Then what? It’s 29 degrees outside.

Generally, butterflies won’t fly when temperatures are less than 55 or 60 degrees. And after spending weeks fostering an egg, then a caterpillar, and finally a chrysalis to the point of becoming a butterfly, the idea of unleashing it into a cold, wintry wind seems brutally unacceptable.

“Cold weather does a number on all insects. That’s a given,” said entomologist MIke Quinn, who runs the über helpful insect education website Texasento.net.

I’ve stopped raising butterflies at home in the winter because the stress of having to deal with these late season beauties cancels much of the fun for me. After December 1, I let Nature do her thing.

But I get that many can’t resist having colorful creatures lilting around your home or office providing their unique charms in the dead of winter.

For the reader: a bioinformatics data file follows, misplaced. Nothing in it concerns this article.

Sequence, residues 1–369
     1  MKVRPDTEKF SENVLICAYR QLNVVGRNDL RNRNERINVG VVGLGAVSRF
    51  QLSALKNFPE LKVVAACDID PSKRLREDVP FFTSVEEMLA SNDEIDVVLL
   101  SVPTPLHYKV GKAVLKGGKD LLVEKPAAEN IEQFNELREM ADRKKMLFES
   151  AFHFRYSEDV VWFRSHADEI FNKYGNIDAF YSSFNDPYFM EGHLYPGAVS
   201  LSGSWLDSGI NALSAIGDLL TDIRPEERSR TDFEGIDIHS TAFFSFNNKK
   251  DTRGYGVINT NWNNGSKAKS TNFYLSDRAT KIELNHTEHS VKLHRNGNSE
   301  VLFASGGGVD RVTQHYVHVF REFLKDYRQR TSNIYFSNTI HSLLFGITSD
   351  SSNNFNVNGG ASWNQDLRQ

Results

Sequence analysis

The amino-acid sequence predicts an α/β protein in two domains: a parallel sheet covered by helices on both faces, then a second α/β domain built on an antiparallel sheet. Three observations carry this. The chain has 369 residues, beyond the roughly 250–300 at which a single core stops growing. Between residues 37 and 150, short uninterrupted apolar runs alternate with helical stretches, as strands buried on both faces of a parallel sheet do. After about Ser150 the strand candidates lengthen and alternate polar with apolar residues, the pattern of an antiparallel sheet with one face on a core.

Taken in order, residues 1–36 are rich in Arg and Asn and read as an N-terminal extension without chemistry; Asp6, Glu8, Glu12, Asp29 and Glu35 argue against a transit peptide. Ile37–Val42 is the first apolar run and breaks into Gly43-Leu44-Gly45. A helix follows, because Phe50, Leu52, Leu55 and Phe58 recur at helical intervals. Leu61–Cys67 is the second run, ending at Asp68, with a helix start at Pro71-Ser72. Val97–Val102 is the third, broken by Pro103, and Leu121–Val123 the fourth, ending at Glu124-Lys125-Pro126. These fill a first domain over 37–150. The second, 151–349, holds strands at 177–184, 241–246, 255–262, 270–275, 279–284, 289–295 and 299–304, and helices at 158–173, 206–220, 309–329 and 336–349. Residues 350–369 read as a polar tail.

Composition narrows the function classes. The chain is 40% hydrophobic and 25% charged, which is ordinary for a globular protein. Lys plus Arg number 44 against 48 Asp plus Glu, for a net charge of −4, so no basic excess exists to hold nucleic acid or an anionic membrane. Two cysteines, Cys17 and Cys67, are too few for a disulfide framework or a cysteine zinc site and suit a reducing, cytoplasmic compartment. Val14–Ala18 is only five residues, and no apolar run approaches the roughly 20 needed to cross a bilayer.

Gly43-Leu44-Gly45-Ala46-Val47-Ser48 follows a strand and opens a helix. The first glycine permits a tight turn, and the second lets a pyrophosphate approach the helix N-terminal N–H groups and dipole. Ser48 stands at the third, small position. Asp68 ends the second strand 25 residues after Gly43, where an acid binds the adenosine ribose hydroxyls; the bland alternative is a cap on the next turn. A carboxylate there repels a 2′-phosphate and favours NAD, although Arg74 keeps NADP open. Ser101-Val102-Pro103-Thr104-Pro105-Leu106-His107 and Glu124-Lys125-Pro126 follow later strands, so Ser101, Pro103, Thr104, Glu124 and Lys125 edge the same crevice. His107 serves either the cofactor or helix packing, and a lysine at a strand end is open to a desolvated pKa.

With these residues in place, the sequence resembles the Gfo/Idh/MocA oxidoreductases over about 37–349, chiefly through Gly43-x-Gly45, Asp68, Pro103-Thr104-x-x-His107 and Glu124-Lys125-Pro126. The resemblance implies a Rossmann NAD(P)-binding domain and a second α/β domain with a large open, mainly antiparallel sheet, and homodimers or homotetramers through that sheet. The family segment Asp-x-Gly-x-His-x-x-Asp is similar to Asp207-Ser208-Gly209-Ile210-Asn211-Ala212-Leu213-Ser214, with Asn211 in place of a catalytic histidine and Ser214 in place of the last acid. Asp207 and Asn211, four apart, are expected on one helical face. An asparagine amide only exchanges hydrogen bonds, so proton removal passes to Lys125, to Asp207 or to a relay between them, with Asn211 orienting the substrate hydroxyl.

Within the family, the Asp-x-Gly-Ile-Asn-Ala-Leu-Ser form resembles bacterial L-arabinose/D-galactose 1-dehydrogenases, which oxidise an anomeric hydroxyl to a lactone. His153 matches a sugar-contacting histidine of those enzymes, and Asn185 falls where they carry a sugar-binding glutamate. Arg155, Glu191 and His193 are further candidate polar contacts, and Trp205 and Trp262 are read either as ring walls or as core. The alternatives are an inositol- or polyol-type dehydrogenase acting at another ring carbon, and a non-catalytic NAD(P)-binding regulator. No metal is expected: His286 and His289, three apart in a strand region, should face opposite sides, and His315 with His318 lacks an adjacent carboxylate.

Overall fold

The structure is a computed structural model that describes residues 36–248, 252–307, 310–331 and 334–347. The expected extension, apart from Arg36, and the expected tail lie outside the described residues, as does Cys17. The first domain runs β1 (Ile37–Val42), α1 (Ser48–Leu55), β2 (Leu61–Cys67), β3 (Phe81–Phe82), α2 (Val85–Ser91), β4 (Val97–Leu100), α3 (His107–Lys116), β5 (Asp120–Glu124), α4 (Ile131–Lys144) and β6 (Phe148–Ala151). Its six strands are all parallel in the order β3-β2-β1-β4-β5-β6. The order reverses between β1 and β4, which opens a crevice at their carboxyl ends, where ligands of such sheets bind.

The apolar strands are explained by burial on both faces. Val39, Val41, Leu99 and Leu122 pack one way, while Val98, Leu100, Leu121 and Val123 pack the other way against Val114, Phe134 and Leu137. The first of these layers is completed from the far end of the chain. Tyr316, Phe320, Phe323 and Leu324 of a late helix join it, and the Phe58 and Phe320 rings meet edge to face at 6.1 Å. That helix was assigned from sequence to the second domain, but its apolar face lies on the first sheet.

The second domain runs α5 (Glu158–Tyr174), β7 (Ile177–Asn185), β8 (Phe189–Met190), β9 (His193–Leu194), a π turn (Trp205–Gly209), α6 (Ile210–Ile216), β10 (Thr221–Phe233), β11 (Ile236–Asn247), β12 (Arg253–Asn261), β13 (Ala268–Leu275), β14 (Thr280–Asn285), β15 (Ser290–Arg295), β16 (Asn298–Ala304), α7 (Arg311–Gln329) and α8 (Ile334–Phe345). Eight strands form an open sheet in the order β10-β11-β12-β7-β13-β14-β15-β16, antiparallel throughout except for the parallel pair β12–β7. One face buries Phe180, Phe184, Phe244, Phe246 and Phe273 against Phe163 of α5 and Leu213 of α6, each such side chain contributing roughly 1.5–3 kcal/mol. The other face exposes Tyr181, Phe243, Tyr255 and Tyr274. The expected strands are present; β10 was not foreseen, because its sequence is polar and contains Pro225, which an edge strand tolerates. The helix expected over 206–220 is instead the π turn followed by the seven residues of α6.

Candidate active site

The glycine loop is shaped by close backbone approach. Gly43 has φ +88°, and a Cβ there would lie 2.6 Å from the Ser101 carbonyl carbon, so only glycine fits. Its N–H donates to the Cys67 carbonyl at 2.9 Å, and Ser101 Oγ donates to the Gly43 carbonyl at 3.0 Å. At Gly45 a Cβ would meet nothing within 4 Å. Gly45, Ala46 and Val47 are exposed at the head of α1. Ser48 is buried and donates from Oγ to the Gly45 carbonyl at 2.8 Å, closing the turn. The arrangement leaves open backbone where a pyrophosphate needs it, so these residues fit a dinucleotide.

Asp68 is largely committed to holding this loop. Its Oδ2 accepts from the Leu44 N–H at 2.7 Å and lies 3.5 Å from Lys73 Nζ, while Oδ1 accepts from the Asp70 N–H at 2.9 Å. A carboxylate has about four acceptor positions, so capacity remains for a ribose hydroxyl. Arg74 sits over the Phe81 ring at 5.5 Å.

Our butterfly friendly Mayor Ivy Taylor hatched Mikey the Monarch on January 5. Mikey got a free ride to the San Antonio Zoo to live out the rest of his life in the climate controlled flighthouse filled with coddled milkweed and other plants the Zoo keeps in its greenhouse. Education manager Laurie Brown said Mikey may be released to the elements if temperatures warm up.

Our friend, District 1 City Councilman and Monarch Butterfly and Pollinator Festival docent Roberto Treviño got lucky with a milkweed plant we gave him in November. The gift included one fifth star Monarch caterpillar and one Monarch chrysalis. Yet Treviño ended up with four extra butterflies-in-progress. Unbeknownst to us, several eggs were hiding in the milkweed plant.

Councilman Treviño tagged and released the Monarchs, which hatched around Thanksgiving. He’s hatched several Queens since, the last of which emerged this week  on a chilly winter day. His strategy? Hold the butterflies indoors until the weather warms up, then release them on the San Antonio River.

San Antonio City Councilman Roberto Treviño’s Thanksgiving Monarch. It was a boy. Photo courtesy Roberto Treviño

This Queen hatched in January in Treviño’s office. Check out the frass on the keyboard and around the computer. Photo courtesy Roberto Treviño